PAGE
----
The original release of The Tomorrow Children, a self-described “altruistic cooperative world-building adventure game” by director and founder of Kyoto-based developer Q-Games Dylan Cuthbert, was caught and ultimately stranded in no-man’s land. Released as a free-to-play title in 2016 before games like Fortnite, Genshin Impact and others made the format popular on consoles, in the end, Sony Interactive Entertainment, the game’s original publisher, shut The Tomorrow Children’s servers down after just one year in service.
- READ MORE: How Ukie’s Dr Jo Twist OBE helped make the UK the best place in the world to make video games
But now, after years of back and forth between Q-Games and SIE, The Tomorrow Children: Phoenix Edition will be re-released for PS4 and PS5 (as a PS4 enhanced title) on September 6, 2022. The team at Q-Games has taken special care in ensuring the untimely demise of the original release will not be repeated here: switching from servers to a peer-to-peer online model and supporting a fully offline single-player experience, though Cuthbert recommends playing the game co-operatively online for the optimal experience.
The Tomorrow Children: Phoenix Edition as a game is difficult to neatly summarise. It has touches of Minecraft’s crafting, hints of Animal Crossing-style town builder mechanics and some Valheim monster killing and resource management all wrapped up in a Soviet inspired aesthetic. In fact, it is this aesthetic that will stand out first and foremost. The character models take heavy inspiration from Czech and other ex-soviet marionette dolls, giving every interaction with your mysterious overseer a very deliberate creepy edge. The Soviet design runs deeply in the game, going so far as to having to report to a Department of Labour to collect rewards for your hard work rebuilding a society swallowed by the mysterious void. This art style deeply benefits The Tomorrow Children: Phoenix Edition, both in looking timeless and incredibly crisp, especially running on a PS5, whilst also standing out from other adventure/world-building games that have been released in the years since this game’s closure.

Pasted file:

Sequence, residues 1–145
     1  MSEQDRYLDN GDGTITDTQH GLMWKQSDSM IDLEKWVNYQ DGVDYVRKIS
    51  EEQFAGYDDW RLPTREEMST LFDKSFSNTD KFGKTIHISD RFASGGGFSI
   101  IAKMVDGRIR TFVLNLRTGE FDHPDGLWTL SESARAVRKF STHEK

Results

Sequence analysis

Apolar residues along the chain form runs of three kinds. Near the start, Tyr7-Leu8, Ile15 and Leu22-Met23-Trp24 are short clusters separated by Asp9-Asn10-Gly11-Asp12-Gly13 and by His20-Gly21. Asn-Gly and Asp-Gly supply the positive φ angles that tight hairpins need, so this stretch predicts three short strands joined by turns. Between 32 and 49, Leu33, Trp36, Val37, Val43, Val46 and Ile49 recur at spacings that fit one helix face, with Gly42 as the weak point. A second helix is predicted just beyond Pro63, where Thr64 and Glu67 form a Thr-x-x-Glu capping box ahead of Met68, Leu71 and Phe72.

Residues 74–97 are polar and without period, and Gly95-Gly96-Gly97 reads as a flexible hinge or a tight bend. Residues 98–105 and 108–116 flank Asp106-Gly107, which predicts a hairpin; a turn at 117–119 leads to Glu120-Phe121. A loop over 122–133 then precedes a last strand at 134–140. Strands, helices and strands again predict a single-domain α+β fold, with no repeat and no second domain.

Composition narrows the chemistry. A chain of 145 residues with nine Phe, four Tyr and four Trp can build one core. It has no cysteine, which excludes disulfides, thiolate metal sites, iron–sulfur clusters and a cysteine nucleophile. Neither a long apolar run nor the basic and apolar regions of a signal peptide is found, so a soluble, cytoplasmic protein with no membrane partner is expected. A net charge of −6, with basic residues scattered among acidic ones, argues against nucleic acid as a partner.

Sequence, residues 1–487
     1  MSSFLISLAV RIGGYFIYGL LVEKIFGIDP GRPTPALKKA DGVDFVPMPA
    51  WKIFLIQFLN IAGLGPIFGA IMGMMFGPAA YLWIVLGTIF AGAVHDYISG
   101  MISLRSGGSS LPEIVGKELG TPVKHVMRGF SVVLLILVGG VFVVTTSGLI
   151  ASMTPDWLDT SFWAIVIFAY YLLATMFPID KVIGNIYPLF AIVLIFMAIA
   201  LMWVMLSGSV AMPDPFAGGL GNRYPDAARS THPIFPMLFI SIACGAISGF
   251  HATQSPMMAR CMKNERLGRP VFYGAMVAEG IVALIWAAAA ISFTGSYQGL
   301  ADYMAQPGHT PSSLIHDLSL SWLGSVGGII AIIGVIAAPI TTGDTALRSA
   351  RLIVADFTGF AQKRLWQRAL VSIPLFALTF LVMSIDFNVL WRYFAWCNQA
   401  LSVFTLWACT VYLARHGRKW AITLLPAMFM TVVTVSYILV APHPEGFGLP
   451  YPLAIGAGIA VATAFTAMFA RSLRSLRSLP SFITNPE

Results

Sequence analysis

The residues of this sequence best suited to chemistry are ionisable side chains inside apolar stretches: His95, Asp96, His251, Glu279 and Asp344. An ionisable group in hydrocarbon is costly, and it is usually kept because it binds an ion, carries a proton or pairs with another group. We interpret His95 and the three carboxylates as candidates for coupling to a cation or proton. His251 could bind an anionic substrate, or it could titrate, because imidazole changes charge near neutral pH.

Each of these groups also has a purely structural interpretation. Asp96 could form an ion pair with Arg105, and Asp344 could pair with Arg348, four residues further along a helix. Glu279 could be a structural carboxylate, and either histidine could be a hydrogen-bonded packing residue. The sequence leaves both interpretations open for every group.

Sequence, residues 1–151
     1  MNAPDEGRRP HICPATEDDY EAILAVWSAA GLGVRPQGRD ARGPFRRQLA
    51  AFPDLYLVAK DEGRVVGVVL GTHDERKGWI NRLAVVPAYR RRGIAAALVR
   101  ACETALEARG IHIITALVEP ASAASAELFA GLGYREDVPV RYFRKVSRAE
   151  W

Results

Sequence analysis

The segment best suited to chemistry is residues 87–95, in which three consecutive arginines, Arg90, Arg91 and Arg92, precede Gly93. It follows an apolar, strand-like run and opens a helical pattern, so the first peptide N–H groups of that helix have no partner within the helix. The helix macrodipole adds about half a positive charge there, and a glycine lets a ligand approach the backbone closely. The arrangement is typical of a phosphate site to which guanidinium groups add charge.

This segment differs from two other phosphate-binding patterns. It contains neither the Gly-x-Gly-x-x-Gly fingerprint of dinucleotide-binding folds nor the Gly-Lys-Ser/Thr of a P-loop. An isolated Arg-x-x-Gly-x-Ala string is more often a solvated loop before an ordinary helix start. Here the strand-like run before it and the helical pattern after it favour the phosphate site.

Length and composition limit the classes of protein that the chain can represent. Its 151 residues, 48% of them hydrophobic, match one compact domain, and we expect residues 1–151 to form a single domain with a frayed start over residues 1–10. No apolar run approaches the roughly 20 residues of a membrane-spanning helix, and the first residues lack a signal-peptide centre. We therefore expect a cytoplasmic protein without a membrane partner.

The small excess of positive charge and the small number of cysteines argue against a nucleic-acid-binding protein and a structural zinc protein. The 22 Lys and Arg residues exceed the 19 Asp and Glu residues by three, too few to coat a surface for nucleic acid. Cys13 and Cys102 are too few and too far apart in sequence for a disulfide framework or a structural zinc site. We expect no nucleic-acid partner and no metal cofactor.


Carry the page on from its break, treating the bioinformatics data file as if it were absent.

The gameplay is simple enough, especially once past Phoenix Edition’s new in-game tutorial, which the original release lacked and feels vital in getting to grips with the world and objectives. You are responsible for mining and collecting certain crafting materials, such as wood and precious metals, from islands forming in the void around your town. You use these materials to build structures like electricity plants and crafting tables that allow you to build out your town further and ultimately save humanity. Thanks to Phoenix Edition’s new single-player enhancements, in-game AI will help with some of that busy work, like transporting materials from the island that you’re exploring straight back to your personal town. This is helpful as your character has limited inventory space, allowing you to focus on exploring rather than ferrying blocks of wood around.